*Michael Fowler 2/16/06*

If an atom (not necessarily in its ground state) is placed
in an external electric field, the energy levels shift, and the wave functions
are distorted. This is called the *Stark effect*. The new energy levels and wave functions
could in principle be found by writing down a complete Hamiltonian, including
the external field, and finding the eigenkets.
This actually can be done in one case: the hydrogen atom, but even
there, if the external field is small compared with the electric field inside
the atom (which is billions of volts per meter) it is easier to compute the
changes in the energy levels and wave functions with a scheme of successive
corrections to the zero-field values.
This method, termed *perturbation
theory*, is the single most important method of solving problems in quantum
mechanics, and is widely used in atomic physics, condensed matter and particle
physics.

It should be noted that there *are* problems which cannot be solved using perturbation theory, even
when the perturbation is very weak, although such problems are the exception
rather than the rule. One such case is
the one-dimensional problem of free particles perturbed by a localized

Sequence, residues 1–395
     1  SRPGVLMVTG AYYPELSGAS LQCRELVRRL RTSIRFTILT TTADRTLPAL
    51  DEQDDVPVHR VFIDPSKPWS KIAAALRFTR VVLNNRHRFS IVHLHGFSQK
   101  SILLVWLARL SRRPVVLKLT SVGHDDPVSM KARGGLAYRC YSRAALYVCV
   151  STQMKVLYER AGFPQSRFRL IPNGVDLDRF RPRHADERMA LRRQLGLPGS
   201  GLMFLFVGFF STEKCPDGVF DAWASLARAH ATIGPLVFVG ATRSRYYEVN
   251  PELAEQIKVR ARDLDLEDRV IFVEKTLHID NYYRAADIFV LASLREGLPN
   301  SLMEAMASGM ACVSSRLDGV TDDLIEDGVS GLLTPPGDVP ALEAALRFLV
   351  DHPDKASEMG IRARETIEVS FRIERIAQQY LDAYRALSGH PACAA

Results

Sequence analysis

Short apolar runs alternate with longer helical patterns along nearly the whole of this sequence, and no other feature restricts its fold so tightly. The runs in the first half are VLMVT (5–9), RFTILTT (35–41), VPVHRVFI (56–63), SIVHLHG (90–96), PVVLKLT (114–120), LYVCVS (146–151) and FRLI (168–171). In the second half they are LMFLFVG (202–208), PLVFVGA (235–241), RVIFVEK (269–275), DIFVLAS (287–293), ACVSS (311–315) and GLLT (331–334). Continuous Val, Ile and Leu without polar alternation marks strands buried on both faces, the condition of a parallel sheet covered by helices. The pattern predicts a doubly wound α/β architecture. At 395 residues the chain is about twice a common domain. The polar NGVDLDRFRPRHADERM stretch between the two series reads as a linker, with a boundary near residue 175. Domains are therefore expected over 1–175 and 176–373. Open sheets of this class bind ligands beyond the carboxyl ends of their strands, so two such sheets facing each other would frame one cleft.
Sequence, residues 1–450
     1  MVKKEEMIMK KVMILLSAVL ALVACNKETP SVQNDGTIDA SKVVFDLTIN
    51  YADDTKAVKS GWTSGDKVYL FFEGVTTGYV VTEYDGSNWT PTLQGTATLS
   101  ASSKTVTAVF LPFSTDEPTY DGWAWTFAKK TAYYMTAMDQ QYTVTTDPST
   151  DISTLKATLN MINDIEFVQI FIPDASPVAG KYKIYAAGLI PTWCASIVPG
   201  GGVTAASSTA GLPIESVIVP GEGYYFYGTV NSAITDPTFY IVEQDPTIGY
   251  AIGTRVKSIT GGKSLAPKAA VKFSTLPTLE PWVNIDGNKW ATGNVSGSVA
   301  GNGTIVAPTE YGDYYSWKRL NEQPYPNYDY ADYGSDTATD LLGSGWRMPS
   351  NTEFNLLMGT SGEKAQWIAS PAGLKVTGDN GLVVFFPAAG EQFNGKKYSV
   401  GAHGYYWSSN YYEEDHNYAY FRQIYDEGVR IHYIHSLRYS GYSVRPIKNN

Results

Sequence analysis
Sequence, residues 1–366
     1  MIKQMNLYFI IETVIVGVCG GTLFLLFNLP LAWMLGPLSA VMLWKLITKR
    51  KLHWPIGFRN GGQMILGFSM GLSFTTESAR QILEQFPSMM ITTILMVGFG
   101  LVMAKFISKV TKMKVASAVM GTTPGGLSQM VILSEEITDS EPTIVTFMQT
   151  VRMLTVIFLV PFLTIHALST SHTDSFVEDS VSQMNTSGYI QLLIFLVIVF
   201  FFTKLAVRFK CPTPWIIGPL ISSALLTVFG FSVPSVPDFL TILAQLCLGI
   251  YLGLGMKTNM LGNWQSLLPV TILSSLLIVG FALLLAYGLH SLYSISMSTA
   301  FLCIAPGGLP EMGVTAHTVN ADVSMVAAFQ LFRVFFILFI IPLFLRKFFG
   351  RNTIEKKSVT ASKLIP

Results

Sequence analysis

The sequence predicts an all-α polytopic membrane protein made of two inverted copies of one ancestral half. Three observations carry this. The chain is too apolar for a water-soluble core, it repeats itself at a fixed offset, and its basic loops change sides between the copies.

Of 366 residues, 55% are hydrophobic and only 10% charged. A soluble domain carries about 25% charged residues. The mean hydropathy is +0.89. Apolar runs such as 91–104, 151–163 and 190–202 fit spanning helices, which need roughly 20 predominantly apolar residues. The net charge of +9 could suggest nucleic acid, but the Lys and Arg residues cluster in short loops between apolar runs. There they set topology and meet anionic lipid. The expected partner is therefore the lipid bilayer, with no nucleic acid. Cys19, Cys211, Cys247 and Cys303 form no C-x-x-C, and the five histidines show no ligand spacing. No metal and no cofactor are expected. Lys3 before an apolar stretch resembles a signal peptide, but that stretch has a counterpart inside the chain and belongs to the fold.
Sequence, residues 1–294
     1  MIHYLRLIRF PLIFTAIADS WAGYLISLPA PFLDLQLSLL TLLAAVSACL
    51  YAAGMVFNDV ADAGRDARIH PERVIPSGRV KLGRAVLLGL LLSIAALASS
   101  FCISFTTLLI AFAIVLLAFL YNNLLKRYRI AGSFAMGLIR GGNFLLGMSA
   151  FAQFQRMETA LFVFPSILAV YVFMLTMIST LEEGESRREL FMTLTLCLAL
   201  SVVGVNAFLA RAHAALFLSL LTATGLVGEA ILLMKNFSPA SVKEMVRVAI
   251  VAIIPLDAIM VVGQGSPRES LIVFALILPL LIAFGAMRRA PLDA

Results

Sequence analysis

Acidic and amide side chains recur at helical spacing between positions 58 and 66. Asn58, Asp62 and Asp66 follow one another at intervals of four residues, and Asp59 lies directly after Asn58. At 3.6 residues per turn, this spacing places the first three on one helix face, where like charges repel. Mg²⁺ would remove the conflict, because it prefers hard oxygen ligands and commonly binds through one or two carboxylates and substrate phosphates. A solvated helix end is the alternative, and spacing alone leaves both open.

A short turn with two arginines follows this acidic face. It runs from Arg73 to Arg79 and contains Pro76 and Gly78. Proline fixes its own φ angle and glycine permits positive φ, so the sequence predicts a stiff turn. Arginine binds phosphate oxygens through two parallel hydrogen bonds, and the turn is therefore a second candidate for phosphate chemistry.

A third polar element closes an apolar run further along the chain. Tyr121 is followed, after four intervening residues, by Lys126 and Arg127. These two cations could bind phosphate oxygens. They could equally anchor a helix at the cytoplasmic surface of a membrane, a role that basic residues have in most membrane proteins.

potential of strength *l*. As we found earlier in the course, switching
on an arbitrarily weak attractive potential causes the _{} free particle wave
function to drop below the continuum of plane wave energies and become a
localized bound state with binding energy of order _{}. However, changing
the sign of *l* to give a repulsive
potential there is no bound state, the lowest energy plane wave state stays at
energy zero. Therefore the energy shift on
switching on the perturbation cannot be represented as a power series in *l*, the strength of the perturbation. This particular difficulty does not in
general occur in three dimensions, where arbitrarily weak potentials do not
give bound states—except for certain many-body problems (like the Cooper pair
problem) where the exclusion principle reduces the effective dimensionality of
the available states.

We begin with a
Hamiltonian _{} having known eigenkets
and eigenenergies:

_{}

The task is to find how these eigenkets and eigenenergies
change if a small term _{} (an external field,
for example) is added to the Hamiltonian, so:

_{}

That is to say, on switching on_{},

_{}

The basic assumption in perturbation theory is that _{} is sufficiently small
that the leading corrections are the same order of magnitude as_{} itself, and the true energies can be better and better
approximated by a successive series of corrections, each of order _{}compared with the previous one.